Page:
I have been asked by many founders and CEOs “we need to hire a BD person, do you know anyone?” Few roles have a more varied job description than business development. It’s no wonder why it is hard to figure out who to hire, what they should do and how to measure success.
Hiring the right person based on the stage of your company may be the single greatest factor in success (or failure) in driving your business.
A person with deep industry knowledge and strong network ready to “do deals” can turn into a disaster if it is too early in a company’s product life-cycle. A product and the team building it go through cycles to establish the product’s identity and a BD person that understands this can be invaluable in shaping an product’s value proposition.
I believe there are three stages in the commercialization process and not everyone is suited for each and every stage.
1) Scouting – the earliest stage of a company, at this point business development is about identifying various routes to market, points of leverage and providing the internal team early market feedback. The ability to work closely with product and engineering teams is key skill. The BD person will spend 60% or more of their time working internally with the team to understand the product, assess the market and begin formulating the first external pitch deck. Closing deals is not a priority, getting market feedback is the primary goal.
2) Testing – once a few paths to market have been identified, it is time to try closing a few deals to test assumptions and provide measurable input before you scale the business. Analytical skills to set up a framework for what to measure and examining the data will determine if and where to scale based on the company’s strengths and vision. Refer to my other post re a framework for assessing opportunities if you need some tips. The time spent internally decreases to 40% to 50% – the feedback loop to product and engineering is critical though so it needs to be a priority.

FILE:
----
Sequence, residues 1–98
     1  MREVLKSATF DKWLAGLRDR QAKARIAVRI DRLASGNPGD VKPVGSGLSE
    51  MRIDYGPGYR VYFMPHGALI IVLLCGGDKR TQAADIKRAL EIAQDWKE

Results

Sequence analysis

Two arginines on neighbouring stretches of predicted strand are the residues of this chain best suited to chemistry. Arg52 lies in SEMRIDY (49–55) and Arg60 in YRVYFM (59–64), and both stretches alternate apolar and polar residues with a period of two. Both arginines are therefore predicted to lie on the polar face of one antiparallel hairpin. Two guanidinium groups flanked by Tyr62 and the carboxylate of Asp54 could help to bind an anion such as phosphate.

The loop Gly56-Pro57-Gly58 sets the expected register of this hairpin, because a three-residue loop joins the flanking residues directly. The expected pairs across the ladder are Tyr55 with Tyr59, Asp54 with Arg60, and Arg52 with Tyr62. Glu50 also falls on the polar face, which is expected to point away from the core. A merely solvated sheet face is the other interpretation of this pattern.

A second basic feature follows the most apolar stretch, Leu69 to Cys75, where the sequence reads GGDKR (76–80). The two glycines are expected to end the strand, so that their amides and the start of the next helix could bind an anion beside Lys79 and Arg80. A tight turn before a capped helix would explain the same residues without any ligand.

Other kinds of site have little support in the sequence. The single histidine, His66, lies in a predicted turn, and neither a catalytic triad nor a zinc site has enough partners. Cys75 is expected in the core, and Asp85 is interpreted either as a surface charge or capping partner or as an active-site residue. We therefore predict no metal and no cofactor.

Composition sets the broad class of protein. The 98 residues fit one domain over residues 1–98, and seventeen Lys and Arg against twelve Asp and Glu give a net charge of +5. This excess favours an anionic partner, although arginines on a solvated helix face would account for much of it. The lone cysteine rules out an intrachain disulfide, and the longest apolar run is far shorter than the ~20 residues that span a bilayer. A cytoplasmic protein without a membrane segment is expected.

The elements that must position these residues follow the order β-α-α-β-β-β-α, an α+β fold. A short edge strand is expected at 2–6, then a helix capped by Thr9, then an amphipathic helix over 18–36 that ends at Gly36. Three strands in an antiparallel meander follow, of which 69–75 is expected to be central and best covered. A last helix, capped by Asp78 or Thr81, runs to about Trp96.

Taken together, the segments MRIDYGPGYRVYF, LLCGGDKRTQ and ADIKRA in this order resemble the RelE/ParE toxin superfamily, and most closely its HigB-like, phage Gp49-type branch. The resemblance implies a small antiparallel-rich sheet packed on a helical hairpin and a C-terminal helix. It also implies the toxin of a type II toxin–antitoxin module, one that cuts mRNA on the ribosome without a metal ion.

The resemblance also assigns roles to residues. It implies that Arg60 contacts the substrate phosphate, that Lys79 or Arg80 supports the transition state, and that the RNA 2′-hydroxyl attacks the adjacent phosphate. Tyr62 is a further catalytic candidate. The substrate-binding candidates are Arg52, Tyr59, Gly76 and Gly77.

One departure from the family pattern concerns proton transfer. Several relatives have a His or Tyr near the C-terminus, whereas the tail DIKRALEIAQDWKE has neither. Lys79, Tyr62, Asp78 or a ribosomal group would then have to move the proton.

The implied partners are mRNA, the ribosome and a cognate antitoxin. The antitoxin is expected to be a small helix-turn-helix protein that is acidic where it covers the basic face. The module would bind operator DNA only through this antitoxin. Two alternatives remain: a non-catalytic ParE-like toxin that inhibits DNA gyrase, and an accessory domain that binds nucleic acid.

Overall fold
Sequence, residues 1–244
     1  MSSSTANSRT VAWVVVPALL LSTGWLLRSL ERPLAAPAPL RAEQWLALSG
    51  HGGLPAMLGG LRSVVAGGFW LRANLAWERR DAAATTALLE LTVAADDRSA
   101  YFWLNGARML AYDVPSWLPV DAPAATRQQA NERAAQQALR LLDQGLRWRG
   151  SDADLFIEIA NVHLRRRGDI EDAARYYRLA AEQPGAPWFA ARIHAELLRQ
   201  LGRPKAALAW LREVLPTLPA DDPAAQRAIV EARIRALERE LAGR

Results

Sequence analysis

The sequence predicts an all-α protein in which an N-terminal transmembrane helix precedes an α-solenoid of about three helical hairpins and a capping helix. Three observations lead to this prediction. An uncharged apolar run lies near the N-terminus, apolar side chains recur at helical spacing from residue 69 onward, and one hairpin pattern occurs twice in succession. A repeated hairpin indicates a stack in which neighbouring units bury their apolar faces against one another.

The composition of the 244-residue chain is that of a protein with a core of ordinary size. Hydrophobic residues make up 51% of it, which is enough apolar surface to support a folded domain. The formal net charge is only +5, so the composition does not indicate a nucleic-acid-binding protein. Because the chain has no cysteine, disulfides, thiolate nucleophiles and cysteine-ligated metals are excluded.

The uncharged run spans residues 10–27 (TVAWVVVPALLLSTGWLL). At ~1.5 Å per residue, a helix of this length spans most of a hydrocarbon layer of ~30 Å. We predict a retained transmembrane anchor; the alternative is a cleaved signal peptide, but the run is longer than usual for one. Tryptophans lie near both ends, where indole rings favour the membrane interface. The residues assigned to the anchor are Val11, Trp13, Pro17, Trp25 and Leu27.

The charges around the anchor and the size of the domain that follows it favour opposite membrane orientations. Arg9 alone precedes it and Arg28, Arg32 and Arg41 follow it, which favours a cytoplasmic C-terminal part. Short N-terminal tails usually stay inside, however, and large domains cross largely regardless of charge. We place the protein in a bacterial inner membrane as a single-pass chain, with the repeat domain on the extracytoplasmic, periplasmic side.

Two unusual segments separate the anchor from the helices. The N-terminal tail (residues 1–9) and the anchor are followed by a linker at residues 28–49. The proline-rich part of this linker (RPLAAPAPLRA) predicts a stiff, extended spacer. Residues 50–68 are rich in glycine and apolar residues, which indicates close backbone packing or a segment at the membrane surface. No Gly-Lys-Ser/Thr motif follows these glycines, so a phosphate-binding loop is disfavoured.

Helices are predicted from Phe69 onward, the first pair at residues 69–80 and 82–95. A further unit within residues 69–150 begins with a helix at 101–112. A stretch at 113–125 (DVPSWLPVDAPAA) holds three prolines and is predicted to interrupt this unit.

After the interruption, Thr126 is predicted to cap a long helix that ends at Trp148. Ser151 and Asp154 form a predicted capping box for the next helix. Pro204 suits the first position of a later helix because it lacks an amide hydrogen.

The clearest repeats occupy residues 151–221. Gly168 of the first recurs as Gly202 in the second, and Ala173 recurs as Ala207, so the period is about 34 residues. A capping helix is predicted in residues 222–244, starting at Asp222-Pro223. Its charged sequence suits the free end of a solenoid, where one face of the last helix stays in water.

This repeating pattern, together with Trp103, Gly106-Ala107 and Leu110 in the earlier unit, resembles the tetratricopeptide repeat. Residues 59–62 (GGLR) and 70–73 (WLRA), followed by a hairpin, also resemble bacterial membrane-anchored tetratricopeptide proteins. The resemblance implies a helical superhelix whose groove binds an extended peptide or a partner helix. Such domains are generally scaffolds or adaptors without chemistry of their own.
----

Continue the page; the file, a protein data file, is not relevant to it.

3) Scaling – after gathering data from early deals and validating a path to achieve your goals, BD is ready to start replicating deals and putting support structure in place. At this point it may make sense to add to the team and finding people who can take a template and scale. The time spent internally has shifted from the Scouting stage and is primarily and now an external facing role. The time internally facing will drop to 20% – 30% and should remain a priority to communicate changes in the market and partner needs.
As a leader in an early stage company, hiring for the right stage is critical so ask questions during the interview process that relate to experience relevant to the stage of your product.
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